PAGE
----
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If someone shy steers clear of this piece because all they know is that its entry is an over-sized vagina flanked with Caligulan phallus-like sculptures, we will have missed an important opportunity to share this piece with exactly the kind of person who should really be seeing it. They’ll get to touch and grab all kinds of genitalia, different forms that are free of sexual orientation.The hope is that a viewer can go in alone and experience arousal or pleasure by empathizing with a sexual orientation they, or others, haven’t allowed them to identify with.It is human nature to gather knowledge which incites understanding and meaning, but how do we get to that endpoint of “meaning?” Recently, Kanye West and Pharrell went a little philosophical on us all and gave a rare insight into functions, knowledge, perception and understanding. feature=player_embedded&v=k Q8JDohrm Jc The above snippet is from a Q&A for Pharrel’s new book titled at Design in Miami, where none other than Kanye West dropped in for a quick question.Deborah Kass's (2013) at Paul Kasmin Gallery If you think brainy conceptual art can't be hilarious, think again.Over the span of her career, Deborah Kass has made a point of infiltrating the male-dominated art conversation (and market) by creating feminist riffs on classic pieces of man-made art, inserting herself into Warhol's fright-wig self-portraits, for instance. In 1962, Ed Ruscha painted his famous and revolutionary , is utterly mesmerizing.The producer challenges the normal understanding of perception, the process of selecting, organizing and the interpretation of knowledge in order to give understanding and ultimately lend meaning.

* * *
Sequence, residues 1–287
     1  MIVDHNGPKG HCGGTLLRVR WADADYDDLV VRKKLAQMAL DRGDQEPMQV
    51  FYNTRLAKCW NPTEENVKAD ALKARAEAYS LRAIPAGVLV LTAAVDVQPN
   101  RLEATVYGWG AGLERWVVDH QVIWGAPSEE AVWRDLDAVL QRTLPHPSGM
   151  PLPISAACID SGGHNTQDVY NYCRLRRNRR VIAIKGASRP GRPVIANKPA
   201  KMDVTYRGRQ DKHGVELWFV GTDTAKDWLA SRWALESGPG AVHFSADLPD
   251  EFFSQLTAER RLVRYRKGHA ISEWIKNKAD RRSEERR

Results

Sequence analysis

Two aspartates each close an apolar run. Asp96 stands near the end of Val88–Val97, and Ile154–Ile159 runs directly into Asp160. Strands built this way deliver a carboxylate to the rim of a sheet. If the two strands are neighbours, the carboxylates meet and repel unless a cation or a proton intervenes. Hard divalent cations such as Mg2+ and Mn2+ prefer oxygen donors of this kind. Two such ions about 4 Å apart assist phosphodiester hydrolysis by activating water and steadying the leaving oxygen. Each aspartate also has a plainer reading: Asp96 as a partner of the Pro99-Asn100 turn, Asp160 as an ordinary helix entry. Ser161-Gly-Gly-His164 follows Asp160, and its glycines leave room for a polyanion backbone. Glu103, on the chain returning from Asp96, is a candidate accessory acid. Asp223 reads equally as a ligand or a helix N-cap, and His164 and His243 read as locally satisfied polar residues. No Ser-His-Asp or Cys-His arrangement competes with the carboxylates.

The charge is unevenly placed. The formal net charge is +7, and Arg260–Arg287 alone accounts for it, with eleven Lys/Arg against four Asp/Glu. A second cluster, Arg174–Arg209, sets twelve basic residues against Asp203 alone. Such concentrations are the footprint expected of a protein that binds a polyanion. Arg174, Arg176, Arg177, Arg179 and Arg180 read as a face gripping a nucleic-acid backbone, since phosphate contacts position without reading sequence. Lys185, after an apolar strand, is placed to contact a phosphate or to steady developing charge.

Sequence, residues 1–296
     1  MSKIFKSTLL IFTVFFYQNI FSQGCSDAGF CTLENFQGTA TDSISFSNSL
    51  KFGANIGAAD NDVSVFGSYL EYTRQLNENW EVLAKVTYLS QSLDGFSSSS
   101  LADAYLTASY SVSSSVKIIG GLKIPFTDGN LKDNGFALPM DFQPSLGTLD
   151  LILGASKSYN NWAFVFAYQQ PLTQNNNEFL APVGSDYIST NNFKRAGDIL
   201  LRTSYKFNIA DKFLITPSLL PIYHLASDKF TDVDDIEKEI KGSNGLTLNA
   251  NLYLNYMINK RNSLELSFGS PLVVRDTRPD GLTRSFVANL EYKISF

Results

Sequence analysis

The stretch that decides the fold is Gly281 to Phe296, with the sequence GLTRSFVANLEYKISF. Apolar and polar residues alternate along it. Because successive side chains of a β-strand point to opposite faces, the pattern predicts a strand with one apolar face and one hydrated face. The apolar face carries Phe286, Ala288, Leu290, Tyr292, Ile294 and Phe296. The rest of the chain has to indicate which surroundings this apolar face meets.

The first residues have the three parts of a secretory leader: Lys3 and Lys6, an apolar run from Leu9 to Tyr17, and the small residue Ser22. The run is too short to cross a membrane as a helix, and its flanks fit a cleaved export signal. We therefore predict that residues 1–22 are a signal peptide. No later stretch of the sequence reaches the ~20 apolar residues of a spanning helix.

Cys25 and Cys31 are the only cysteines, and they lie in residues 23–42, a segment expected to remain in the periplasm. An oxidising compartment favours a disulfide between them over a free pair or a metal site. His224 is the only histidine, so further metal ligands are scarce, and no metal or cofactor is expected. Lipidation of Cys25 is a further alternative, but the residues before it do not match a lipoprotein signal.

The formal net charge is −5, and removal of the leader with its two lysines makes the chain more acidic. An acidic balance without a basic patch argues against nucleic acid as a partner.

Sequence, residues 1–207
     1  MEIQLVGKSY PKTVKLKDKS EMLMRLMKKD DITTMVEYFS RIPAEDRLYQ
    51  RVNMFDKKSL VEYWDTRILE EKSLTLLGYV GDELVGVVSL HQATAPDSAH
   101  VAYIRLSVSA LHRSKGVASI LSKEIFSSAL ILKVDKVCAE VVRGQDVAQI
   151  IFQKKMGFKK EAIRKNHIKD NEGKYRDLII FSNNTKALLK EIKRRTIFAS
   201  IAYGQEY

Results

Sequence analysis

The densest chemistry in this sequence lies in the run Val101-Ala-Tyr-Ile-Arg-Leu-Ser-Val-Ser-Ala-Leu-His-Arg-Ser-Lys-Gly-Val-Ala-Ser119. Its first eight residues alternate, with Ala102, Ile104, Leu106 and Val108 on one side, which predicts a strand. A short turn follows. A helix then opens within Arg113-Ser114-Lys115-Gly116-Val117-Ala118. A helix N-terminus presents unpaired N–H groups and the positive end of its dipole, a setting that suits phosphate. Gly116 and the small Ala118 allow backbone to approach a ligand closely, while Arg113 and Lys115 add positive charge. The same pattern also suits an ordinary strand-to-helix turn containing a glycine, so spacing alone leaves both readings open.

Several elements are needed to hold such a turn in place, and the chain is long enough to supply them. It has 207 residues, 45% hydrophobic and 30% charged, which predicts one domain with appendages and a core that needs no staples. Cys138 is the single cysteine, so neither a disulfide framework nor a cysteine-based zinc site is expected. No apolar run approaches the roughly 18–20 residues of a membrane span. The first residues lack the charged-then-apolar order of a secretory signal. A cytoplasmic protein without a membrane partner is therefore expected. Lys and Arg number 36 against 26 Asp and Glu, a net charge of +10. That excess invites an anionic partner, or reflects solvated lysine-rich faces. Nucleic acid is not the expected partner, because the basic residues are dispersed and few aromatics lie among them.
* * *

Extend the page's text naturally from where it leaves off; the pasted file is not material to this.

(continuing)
It is thought provoking], but the most valuable point Pharrell raises is how perception can be influenced by knowledge and its relation to understanding the function.Both are highly respected artists and icons of not just hip-hop, but also the creative design world.Going toe to toe is a recipe for some serious knowledge.The way I grew up as a kid [in Austin, Texas], there were so many rules about who you were supposed to be sexually.In school, one’s sexual decisions could be social suicide.Though it can be hard to see how he neatly fits in with current art, his work operates in dialogue with the neons in Tracey Emin's new Mo CA North Miami show, the work of Jason Rhoades, and the wall pieces of Bruce Nauman—but from a unique and eccentric angle.

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